The terms "dirt" and "soil" are often interchanged to mean the same thing. However, this is not necessarily the case given that components between the two vary making one preferable for agriculture as compared to the other. As compared to soil, dirt is a fine-grained unconsolidated mixture that's found on the ground.
For the most part, it consists of sand, silt, and clay (and may also contain rocky fragments) but lacks the organic and living material found in soil. Unless you have been to a garden or farm, you can easily obtain dirt that has accumulated under your shoes or even under your fingernails.
* One of the best ways to compare dirt and soil (apart from the general coloration) is to scoop a small amount of each with your hand. Whereas soil forms loose balls of clump together even without adding water, dirt does not compact even when water is added.
* Dirt should also not be confused for sediments which are granular material that has been eroded by such forces as wind and water.
While soil and dirt are not necessarily the same thing, they are related in many ways. Along with other granular material or particles (sand, silt, dust, chalk, etc) found on earth, have been the subject of studies in many fields.
In earth science and archaeology, the study of soil structures and geographical structures have made it possible to discover more information regarding the history of earth. In agriculture, the analysis of various soil samples allows researchers to differentiate between different types of soil and determine the best composition for farming purposes etc. These activities are also evident in other fields including the construction and mining industries.
Regardless of the industry, microscopy has been one of the most valuable tools for studying the characteristics of different types of soil and its components. Being a pioneer in microscopy, Antonie van Leeuwenhoek can be argued to have been the first person to study the appearance of soil (in addition to many other materials) under the microscope in the 1670s. After looking at particles of soil and chalk under the microscope, Leeuwenhoek described them as being composed of globules.
In the early 1930s, however, major investigations of soil using microscopic techniques were by Harrison in 1933 and Walter Kubiena in 1938. The two are credited for independently applying the concept of microscopic techniques in soil science. Their work, based on which other techniques were later developed, made it possible to determine the micromorphology of soil in great detail.
* Micromorphology involves the use of microscopic techniques to study the components of soil material.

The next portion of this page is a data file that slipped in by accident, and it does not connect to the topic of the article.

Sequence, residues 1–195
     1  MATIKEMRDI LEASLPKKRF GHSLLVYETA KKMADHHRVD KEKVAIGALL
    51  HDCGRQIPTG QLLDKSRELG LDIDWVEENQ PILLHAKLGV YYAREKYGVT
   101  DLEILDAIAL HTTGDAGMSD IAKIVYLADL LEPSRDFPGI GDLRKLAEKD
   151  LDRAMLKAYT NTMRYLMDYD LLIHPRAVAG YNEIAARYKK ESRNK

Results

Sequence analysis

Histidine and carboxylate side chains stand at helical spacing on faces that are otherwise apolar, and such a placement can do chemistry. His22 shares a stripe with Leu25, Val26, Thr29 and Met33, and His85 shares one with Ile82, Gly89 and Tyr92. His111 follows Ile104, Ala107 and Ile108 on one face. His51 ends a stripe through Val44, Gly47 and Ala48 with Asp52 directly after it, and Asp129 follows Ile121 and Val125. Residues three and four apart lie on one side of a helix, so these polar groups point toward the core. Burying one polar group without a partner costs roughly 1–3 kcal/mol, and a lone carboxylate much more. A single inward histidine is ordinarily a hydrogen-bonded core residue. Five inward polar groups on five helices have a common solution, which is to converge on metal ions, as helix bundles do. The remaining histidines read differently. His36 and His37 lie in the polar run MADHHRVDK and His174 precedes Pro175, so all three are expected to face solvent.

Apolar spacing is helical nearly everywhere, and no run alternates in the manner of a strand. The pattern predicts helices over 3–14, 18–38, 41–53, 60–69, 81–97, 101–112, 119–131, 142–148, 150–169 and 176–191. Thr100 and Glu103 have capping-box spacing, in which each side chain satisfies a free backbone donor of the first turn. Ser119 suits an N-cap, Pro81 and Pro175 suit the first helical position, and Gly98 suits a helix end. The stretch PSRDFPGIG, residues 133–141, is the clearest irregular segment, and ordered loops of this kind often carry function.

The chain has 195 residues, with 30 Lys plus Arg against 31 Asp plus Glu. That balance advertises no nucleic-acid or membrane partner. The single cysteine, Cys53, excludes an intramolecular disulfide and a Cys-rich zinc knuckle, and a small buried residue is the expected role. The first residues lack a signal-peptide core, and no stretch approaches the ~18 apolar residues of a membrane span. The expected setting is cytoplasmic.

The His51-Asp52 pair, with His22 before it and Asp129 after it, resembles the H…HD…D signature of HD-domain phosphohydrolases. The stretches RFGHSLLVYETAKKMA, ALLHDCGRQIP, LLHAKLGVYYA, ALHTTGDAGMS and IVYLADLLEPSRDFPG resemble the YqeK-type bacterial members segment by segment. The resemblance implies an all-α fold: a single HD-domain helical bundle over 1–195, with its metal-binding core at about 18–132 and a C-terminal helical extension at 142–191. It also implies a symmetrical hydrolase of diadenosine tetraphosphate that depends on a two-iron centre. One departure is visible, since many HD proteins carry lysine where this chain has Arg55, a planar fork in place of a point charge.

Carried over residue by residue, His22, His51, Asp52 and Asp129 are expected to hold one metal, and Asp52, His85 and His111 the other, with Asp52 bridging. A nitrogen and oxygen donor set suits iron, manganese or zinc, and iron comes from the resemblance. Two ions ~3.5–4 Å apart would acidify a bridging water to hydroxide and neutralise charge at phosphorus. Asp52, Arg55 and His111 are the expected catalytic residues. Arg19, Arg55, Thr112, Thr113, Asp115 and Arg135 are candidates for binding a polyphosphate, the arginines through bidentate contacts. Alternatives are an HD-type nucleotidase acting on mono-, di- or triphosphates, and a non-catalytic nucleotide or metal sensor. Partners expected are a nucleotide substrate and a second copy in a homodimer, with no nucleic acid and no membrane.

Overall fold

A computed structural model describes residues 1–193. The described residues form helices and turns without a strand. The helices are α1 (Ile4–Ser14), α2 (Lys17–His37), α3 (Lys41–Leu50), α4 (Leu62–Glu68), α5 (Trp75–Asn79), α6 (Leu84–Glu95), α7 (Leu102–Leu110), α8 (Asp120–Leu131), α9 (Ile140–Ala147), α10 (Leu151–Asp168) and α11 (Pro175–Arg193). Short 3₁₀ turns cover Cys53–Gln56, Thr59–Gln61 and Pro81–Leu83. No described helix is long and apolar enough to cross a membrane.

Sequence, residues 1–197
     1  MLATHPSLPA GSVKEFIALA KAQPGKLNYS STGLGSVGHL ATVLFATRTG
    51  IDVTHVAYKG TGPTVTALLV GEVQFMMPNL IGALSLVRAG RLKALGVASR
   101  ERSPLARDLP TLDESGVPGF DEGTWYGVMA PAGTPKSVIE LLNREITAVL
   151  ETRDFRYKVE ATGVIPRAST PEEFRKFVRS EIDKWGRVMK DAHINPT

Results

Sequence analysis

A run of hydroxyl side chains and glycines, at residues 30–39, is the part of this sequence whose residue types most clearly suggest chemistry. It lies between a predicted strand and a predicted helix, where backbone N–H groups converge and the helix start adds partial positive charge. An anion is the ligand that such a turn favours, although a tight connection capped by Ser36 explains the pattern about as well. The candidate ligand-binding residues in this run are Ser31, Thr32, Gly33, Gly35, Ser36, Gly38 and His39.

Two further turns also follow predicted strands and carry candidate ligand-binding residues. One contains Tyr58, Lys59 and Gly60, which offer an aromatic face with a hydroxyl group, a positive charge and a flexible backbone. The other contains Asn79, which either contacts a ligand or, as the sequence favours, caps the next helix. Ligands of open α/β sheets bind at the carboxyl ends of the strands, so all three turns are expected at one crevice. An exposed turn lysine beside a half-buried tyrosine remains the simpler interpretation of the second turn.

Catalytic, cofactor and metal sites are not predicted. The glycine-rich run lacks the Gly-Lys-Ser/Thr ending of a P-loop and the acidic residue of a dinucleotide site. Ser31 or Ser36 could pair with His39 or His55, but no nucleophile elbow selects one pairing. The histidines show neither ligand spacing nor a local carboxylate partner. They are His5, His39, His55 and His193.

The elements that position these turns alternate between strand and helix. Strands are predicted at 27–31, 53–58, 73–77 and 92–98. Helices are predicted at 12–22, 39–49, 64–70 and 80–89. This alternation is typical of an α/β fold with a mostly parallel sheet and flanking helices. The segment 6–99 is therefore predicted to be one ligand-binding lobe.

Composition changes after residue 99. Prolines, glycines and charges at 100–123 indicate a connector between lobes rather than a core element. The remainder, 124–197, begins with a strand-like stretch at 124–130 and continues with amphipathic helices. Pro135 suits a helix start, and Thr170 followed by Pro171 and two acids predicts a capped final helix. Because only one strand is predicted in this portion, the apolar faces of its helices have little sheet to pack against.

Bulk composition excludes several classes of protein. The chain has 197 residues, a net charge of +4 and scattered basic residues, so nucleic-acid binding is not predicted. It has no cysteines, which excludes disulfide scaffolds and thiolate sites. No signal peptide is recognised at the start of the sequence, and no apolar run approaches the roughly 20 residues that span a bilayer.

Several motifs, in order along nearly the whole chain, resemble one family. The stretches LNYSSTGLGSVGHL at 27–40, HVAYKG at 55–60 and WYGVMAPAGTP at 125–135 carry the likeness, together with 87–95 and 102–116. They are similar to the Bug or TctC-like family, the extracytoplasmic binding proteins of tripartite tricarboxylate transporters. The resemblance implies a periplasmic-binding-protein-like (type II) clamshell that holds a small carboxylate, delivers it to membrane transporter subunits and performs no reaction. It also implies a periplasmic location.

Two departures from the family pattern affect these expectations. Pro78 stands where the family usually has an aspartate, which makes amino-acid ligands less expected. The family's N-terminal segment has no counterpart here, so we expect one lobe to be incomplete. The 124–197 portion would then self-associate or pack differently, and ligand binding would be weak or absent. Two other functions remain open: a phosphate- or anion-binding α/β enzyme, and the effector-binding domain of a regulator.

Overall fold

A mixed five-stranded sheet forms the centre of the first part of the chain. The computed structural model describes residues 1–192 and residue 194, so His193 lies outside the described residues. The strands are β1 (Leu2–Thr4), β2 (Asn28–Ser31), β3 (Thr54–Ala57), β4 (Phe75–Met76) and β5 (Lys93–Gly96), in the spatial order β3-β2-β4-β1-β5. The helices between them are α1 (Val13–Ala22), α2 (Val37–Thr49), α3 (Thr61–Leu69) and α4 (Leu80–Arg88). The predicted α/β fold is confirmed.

Today, advanced microscopic techniques continue to be used to characterize different types of soil as well as their components in different environments. This has also allowed for the classification of material based on their respective components.
For this experiment, the aim is to use several microscope techniques to observe dirt under a microscope. Moreover, the sample of soil will also be viewed under the microscope for comparison.
By the end of this activity, you should be able to:
· In dealing with soil and dirt, you can use a pair of gloves
· Using a spatula, scoop and place a small amount of dirt onto a Petri dish - Repeat this step with a small amount of soil into another clean Petri dish
· Using a dropper or pipette, place a few drops of water onto the samples in each Petri dish and allow the soil and dirt samples to distribute evenly in the water
* Water is not essential and the sample can be directly observed without adding a few drops of water. However, if the water is not added, avoid observing the soil and dirt samples as clumps, but rather try to spread it a little for better inspection.
· When using the stereo microscope, first turn the turret in order to set the low power objective in place
· Place the Petri dish with dirt on the stage and try to center it under the low power objective
· While looking through the eyepieces, gently turn the coarse and fine adjustment knobs to bring the image into focus
· Observe the samples and then switch to high magnification
· Repeat this for the two Petri dishes and compare your observations
· When using a compound microscope, the samples should be prepared on clean glass slides rather than the Petri dishes
· Having placed a small amount of each sample on clean microscope glass slides, lower the microscope stage before mounting the slide
· Turn the turret to set the low power objective in place
· Place the slide on the microscope stage and try to center it under the objective
· While looking through the eyepieces, gently turn coarse and fine adjustment knobs to bring the image into focus
· Observe the samples and then lower the stage before switching to high power objective
· Observe the slides and record your findings
* In preparation of the soil and dirt samples, you can first mix the samples with water in separate vials and then place a sample of each on the slides/Petri dishes for observation.
· Air dry or freeze dry the sample of dirt in order to remove water - Resins used to fix the samples are hydrophobic. For this reason, water has to be removed before starting the fixation process. Air drying is particularly preferred given that it will not affect the dirt composition (or garden soil composition if you prepare a sample of each).